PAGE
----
Deciding to have a roof replaced or repaired can be a daunting prospect to our potential customer. At Northeast Home & Energy, our mission is to make the entire process as smooth as possible. We’ll begin our new blog with the questions we hear most often from homeowners as they begin educating themselves about this vital home improvement.
What should I look for when hiring a roofer?
Make sure that the roofer has proof of licensing, worker’s compensation, and liability insurance. Look for a reputable local company that has been in business for several years and has a proven track record. Check to see if the company is accredited by the Better Business Bureau, because the roofing industry is known to receive the most complaints. Lastly, ask for references of past customers in your neighborhood or nearby.
How do I decide between several estimates?
If you’re taking bids for your roofing project, don’t immediately accept the lowest bid. A low bid may be an indicator of poor quality materials or sub-standard work. Make sure that you fully understand each estimate. Don’t be subjected to low bid contractors who have “unexpected” add-ons while the work is being completed.
Do I need to completely replace my roof if it leaks?
Not necessarily. Leaks can result from flashings that have come loose or a section of the roof system being damaged. A complete roof system failure, however, is generally irreversible and a result of improper installation, poor material choice, or inappropriate roofing system choice for the specific home or building.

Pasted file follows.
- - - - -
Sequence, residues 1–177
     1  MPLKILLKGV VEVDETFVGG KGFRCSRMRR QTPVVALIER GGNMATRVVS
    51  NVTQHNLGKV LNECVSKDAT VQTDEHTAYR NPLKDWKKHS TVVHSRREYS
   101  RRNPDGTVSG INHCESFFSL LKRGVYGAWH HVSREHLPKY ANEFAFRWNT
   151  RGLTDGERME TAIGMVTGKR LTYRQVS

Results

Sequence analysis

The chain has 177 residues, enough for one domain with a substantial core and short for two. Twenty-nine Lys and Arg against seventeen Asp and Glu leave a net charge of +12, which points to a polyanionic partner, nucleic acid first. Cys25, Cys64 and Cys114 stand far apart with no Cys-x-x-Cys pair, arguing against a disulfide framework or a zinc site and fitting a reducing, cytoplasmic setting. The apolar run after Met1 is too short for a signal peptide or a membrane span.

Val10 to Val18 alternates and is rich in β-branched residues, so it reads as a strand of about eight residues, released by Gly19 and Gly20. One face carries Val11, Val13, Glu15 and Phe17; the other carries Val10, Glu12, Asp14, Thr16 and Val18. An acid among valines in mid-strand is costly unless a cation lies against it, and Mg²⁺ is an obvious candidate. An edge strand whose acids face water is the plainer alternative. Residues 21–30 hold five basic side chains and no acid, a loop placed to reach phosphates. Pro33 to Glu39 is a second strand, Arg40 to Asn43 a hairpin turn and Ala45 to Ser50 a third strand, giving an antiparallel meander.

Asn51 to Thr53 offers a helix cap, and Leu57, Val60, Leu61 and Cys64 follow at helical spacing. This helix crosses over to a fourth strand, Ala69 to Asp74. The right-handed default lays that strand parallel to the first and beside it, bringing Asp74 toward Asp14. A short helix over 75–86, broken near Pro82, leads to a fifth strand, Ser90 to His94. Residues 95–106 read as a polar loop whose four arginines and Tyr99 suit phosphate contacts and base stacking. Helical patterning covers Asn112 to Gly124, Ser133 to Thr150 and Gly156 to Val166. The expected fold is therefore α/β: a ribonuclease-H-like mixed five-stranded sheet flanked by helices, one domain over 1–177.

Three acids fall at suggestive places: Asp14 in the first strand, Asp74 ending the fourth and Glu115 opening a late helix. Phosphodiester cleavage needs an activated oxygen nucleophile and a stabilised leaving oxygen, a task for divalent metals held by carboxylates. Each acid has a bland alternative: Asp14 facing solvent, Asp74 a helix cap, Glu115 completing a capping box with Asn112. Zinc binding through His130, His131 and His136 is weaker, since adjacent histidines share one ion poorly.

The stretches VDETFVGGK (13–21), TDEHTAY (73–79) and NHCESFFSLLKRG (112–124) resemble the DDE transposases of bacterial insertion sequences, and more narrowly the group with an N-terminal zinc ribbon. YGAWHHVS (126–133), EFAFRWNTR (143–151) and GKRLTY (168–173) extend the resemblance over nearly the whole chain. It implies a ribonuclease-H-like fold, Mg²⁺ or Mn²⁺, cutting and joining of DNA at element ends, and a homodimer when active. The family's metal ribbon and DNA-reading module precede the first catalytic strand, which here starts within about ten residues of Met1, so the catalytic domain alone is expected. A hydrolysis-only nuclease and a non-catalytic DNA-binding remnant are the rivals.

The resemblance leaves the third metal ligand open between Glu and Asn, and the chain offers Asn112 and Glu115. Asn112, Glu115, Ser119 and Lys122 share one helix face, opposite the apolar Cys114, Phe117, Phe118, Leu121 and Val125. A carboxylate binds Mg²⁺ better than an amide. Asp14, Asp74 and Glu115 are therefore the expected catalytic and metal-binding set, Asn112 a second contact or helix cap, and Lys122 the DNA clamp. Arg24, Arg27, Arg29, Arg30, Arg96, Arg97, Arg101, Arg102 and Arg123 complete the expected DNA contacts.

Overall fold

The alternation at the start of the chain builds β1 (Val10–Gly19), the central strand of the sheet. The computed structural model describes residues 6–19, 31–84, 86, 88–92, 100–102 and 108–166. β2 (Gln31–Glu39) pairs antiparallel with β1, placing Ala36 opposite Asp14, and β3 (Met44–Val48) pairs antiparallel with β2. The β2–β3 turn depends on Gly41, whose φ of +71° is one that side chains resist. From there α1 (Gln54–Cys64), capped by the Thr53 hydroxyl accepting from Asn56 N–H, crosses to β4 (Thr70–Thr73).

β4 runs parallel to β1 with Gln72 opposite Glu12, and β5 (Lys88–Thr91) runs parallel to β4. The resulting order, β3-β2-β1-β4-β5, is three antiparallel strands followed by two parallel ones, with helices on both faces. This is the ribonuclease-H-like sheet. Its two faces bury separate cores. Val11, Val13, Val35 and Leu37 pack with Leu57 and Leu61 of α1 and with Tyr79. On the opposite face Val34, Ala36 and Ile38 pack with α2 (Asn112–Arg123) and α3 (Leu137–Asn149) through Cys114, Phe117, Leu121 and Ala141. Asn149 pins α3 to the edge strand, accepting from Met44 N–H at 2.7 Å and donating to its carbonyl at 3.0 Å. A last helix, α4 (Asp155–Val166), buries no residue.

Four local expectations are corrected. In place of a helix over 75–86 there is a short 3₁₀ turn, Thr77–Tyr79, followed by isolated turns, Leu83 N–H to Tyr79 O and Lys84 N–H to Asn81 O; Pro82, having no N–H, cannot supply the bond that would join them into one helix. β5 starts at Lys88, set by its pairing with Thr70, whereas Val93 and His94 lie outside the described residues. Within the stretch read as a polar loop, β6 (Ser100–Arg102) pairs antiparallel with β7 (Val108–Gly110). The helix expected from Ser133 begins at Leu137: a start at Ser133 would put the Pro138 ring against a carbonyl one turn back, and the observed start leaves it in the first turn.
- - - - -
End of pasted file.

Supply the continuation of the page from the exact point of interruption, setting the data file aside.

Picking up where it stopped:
Can I cover over my existing roof?
You can choose a complete replacement of the roof system or re-cover the existing roof system. In many instances, building code requirements allow no more than one roof system re-cover before a complete replacement is necessary. It is highly recommended that you tear-off the existing roof so that any undetected damage to the decking can be replaced.
When is the best time to install a new roof?
There are no specific temperature guidelines regarding when it is too cold to install asphalt shingles, however, asphalt shingles do become brittle in cold temperatures. Breakage can be minimized or eliminated if the shingles are stored in a warm area and loaded onto the roof a few bundles at a time.